Various third-party Twitter apps have mysteriously stopped working.
Twitter has long been notable in its support for other apps that allow users to access its service. Apps such as Twitterrific and Tweetbot allow users to see posts, make new ones and more, through an app that is created by third-party developers.
But early on Friday morning, both of those apps found themselves unable to access the Twitter data needed to work. And each of them said they did not know the cause of the problem.
Users that tried to open the apps saw error messages informing them that they were unable to login. The developers of those apps said they were aware of the problems but had not received any information from Twitter about why it had happened.
The first-party Twitter app – which is known just by the name of the company – appeared to be functioning as normal. What’s more, some smaller apps continued to work.
Some speculated that the problem was the result of an intentional decision to cut off support for third-party clients. Others suggested that the issue could simply be a bug.
“Tweetbot and other clients are experiencing problems logging in to Twitter. We’ve reached out to Twitter for more details, but haven’t heard back,” Tweetbot wrote on its official Twitter account. “We’re hoping this is just a temporary glitch and will let you know more as soon as we know more.”
The developers of Twitterrific said similar.
“We’re aware that Twitterrific is having problems communicating with Twitter,” it wrote on its official account. “We don’t yet know what the root cause is, but we’re trying to find out. Please stay tuned and apologies.”
One user responded to that post, writing “I blame Elon”. “So do we,” Twitterrific replied, though it gave no indication of whether it thought the problem was intentional or not.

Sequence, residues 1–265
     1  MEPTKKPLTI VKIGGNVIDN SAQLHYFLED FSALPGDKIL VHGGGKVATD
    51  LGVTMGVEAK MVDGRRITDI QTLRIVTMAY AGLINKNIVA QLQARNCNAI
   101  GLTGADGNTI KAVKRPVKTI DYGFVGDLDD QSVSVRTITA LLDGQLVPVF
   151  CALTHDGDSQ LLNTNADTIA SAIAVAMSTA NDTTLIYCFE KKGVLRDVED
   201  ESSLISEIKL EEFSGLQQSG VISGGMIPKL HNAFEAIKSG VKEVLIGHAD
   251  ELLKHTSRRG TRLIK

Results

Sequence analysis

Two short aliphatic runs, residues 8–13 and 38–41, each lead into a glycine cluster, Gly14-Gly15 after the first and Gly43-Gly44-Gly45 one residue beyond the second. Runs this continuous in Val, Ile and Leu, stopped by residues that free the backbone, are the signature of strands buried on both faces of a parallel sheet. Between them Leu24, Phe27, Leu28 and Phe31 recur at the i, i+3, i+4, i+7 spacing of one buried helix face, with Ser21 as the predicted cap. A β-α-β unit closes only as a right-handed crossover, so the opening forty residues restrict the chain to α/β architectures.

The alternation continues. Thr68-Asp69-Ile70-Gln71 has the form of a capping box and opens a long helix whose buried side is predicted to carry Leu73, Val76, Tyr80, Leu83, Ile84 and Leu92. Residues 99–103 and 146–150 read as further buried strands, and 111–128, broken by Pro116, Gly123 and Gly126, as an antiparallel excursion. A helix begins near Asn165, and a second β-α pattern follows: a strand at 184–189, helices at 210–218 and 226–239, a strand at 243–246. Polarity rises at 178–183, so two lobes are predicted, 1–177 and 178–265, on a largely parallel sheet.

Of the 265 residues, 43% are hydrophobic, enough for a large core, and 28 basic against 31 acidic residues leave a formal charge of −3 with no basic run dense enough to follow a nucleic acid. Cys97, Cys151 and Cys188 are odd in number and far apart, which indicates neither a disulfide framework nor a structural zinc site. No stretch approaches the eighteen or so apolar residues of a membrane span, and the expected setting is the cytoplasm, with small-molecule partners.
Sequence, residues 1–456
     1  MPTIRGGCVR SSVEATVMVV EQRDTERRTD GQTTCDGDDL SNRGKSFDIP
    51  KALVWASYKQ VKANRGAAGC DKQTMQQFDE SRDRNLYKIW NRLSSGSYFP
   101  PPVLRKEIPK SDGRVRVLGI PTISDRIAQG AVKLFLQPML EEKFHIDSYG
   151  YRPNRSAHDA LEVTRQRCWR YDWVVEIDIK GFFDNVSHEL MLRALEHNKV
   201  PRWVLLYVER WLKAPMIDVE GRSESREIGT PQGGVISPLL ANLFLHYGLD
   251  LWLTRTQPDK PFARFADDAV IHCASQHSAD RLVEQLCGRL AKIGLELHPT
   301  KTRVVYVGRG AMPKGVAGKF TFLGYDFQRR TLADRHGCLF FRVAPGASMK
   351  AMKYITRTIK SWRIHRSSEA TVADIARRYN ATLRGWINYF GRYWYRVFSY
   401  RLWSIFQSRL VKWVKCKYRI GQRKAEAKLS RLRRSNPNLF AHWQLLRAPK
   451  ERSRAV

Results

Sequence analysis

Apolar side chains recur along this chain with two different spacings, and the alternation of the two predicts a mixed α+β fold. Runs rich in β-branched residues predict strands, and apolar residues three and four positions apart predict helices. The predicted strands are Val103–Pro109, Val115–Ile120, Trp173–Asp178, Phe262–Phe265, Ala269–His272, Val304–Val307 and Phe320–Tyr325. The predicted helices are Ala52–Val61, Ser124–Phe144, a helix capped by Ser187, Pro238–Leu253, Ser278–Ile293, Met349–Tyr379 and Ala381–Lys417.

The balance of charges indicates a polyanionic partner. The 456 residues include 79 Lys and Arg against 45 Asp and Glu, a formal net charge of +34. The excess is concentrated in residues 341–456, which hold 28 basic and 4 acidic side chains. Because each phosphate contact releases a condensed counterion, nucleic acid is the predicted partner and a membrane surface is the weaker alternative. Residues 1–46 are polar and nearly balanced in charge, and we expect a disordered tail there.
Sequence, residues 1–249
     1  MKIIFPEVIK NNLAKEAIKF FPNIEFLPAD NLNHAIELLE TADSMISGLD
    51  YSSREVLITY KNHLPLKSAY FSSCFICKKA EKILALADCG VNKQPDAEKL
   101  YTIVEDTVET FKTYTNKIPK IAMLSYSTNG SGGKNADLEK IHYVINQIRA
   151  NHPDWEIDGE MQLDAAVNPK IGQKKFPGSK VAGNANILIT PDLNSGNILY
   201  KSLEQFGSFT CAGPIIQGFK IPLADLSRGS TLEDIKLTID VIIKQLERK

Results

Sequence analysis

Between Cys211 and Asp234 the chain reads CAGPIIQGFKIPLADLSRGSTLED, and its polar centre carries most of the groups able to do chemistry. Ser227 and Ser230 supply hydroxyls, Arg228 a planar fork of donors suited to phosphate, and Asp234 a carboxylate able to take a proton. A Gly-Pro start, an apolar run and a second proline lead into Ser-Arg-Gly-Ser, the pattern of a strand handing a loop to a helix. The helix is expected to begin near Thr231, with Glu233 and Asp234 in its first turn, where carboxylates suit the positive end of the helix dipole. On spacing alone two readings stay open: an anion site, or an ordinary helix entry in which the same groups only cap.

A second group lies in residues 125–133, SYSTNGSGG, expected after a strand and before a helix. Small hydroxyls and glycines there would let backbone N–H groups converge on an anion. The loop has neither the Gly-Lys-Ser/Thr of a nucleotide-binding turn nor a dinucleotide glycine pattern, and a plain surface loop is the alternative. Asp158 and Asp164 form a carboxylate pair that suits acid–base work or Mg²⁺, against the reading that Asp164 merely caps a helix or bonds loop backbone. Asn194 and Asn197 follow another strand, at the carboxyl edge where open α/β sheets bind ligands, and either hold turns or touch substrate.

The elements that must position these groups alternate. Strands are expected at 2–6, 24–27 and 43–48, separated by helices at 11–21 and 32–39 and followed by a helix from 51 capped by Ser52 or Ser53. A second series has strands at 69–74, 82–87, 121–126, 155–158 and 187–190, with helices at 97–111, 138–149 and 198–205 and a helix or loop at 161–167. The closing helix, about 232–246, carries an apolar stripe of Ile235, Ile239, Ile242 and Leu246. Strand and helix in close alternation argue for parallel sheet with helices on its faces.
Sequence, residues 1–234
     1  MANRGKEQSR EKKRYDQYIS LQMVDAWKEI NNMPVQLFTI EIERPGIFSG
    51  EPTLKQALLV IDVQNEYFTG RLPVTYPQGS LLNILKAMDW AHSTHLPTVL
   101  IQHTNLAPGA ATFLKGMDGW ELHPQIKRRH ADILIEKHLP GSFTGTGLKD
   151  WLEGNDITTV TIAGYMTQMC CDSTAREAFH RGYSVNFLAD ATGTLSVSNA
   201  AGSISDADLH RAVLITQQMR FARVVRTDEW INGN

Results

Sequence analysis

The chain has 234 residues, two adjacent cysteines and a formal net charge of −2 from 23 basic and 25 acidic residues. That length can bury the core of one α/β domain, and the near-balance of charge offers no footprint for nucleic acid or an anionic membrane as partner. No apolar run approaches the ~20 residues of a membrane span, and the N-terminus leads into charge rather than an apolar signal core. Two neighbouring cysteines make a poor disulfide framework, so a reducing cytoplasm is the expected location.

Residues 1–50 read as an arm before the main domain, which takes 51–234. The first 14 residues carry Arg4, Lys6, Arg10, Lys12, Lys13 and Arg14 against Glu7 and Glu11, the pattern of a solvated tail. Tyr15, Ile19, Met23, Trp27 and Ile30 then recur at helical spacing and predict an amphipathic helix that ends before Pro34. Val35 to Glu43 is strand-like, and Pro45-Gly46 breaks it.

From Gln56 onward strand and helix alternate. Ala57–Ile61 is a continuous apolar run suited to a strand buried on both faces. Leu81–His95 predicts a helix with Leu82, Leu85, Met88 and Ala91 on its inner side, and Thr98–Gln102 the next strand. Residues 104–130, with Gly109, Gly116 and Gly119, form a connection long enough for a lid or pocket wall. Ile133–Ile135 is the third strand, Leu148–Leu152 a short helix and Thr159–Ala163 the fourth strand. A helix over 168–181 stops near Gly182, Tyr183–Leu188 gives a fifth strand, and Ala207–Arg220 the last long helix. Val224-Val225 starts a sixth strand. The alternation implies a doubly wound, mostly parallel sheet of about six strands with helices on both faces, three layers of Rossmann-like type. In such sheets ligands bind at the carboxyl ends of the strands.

Paul Haddad, the developer of Tweetbot, said that he was hopeful that his app had been broken by accident – but that he hadn’t had any communication either way.
“I’m hoping that whatever is going on at Twitter is just some automated spam protection bot that is incorrectly suspending proper apps, or something similar,” he wrote.
“Unfortunately I don’t have many contacts at Twitter anymore so doubt I’ll get any kind of definitive answer soon.”
In the replies to Mr Haddad’s post, which was made on Mastodon, some noted that other apps were still working and so the problem could just be a bug with those affected. But others suggested the specific nature of the outage could have meant that popular third-party apps were precisely targeted to be shut down.
Twitter no longer maintains a communications team. Neither its official accounts or new chief executive Elon Musk – who has made a number of controversial changes to Twitter since he took over the service – had posted any updates about the problem.
In November, Elon Musk announced plans to remove information on tweets which showed what they had been posted on: whether it was the official client for iPhone, for instance, or a third-party app. He said at the time that “literally no one even knows why we did that”.
In response, Chris Messina, the inventor of the hashtag, noted that among other things it offered visibility to third-party clients – such as those that were experiencing problems. Jack Dorsey, Twitter’s former chief executive, replied to that tweet, calling it “correct”.